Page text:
2. Deadfall Traps


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Deadfall traps are another traditional trap that uses notched sticks to create a trigger, and a piece of heavy stone or log that lands on the animal and kills it. Deadfall traps can be used on a scale large enough to kill bears. They are also easy to set and typically require bait.

The most simple deadfall traps require only sticks, a large rock, and bait. The rock preferably has a square edge so that it sits firmly on the ground.

Deadfall traps to research and practice include:

  • McPherson Spring Deadfall
  • Figure 4 Deadfall
  • Paiute Deadfall
  • Greasy String Deadfall
  • Toggle Deadfall

With deadfall traps, the animal is likely to be deceased when you find it.

3. Tension Traps

Tension traps use sharpened spears and tension to create a very dangerous trap that impales your prey. Once set, always approach the trap from behind, as it is incredibly easy for you to be impaled yourself. Do not use tension traps anywhere that a human or companion animal may accidentally wander into.

A trip-wire spring spear trap is effective for catching and killing wild pigs, deer, and other animals that follow known game trails. The spear should be set at the height that will impale the body directly.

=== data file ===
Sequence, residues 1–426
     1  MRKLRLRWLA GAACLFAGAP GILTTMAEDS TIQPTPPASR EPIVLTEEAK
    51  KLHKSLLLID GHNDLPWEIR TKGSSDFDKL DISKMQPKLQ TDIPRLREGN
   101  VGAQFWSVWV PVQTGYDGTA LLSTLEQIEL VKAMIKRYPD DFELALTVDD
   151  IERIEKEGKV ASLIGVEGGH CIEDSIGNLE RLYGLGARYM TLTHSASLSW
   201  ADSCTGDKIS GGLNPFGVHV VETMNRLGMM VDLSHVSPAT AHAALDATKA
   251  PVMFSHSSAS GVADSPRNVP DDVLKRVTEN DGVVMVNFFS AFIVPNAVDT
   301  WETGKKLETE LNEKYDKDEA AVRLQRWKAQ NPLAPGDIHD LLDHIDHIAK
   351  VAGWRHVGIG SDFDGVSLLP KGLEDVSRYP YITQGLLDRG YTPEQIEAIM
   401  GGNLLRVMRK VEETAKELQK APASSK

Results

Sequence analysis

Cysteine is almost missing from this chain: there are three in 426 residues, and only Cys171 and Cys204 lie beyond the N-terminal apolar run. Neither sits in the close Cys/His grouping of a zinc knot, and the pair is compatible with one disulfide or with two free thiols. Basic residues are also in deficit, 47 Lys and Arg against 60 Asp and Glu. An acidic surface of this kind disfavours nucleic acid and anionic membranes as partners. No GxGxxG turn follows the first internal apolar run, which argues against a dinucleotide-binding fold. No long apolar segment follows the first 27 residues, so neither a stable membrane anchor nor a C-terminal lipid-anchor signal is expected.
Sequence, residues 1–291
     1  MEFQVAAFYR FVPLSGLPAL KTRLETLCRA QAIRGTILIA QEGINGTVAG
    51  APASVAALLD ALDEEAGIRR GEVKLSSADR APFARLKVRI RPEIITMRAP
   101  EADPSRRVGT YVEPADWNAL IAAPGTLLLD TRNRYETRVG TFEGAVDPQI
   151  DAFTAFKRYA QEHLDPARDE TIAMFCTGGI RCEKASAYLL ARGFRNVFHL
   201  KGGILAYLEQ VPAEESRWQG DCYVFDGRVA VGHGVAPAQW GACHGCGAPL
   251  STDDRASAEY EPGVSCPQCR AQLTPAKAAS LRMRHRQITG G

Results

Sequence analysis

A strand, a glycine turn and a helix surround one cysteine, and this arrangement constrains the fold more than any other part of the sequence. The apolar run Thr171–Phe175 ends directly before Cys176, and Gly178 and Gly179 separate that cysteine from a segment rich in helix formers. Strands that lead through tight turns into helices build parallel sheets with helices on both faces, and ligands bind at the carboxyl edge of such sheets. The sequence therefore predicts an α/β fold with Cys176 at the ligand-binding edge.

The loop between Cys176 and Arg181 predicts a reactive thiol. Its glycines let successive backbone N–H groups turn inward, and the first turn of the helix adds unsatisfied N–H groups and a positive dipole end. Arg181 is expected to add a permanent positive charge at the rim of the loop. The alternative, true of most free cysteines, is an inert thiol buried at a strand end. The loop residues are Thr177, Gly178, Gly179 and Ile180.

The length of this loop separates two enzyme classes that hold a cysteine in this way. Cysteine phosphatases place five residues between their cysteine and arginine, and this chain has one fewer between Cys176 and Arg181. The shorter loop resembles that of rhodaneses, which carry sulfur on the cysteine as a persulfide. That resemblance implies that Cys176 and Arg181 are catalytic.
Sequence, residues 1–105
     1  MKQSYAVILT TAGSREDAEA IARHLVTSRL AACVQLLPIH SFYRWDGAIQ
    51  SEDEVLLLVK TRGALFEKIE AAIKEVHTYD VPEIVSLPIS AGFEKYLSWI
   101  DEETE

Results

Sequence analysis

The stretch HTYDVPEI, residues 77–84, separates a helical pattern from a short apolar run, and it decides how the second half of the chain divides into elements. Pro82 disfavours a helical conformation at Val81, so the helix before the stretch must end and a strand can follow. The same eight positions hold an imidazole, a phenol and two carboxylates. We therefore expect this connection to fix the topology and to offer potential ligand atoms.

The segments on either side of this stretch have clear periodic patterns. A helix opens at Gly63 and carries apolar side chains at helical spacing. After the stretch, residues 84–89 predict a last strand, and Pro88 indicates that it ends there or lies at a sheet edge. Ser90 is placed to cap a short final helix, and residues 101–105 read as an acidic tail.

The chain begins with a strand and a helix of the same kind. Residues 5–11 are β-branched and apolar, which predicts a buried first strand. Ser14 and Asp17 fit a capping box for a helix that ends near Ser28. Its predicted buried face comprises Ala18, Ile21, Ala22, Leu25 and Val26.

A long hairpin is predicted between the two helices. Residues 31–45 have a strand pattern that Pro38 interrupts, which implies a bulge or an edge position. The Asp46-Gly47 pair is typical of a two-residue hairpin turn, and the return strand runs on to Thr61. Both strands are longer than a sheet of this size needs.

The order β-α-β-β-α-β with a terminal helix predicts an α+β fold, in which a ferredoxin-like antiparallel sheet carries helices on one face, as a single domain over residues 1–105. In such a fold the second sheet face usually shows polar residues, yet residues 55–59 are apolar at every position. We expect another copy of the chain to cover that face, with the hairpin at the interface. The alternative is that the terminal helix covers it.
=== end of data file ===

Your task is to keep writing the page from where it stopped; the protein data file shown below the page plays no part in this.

To set a spring spear trap, you’ll need:

  • A green limb to use as a spring
  • 2 thick rods
  • A spear
  • Tripline
  • Dowel
  • String/Cordage/Vine

4. Bird Traps


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Birds can be very easy to catch, and should not be discounted as a target, even though mammals will yield more meat. Setting your bird traps in large clearings will attract birds looking for a place to rest.

For the Ojibwa Bird Pole trap, you’ll need:

  • A 6’ pole
  • 6” stick
  • Rock
  • Thin cord

There are other simple bird traps that you can research and use, including a Pine Pitch Bird Cup. Using pine pitch is actually illegal, so this trap would not be recommended unless in a survival situation. It is also very messy and inhumane.

5. Fish Traps

Fish are an excellent source of lean protein and often swim close to shore and in shallow water. There are a variety of fish traps you can use to catch your meals.

A funnel trap is built using stones and/or logs and directs the fish into a small area where you can spear or net them.

A cage fish trap can be built out of branches and arranged in the water, held down, and surrounded by rocks. As they swim downstream, fish will swim directly into the trap, where you can spear or catch them.

6. Deep Hole Traps

Deep hole traps are exactly what they sound like: holes dug into the ground that animals fall or step into. They often require bait, and when you find the animal they are likely to be alive.

They are easy to dig, but placement is very important. You want to dig the hole where animals are likely to step into it, and humans are not.

Whether you employ modern or primitive trapping techniques, it’s important to follow all local laws regarding where, when, and how you can trap animals. Learning primitive trapping techniques can be helpful if you ever find yourself in a survival situation.

What primitive traps have you mastered so far? Let us know why you like it the most in the comments section!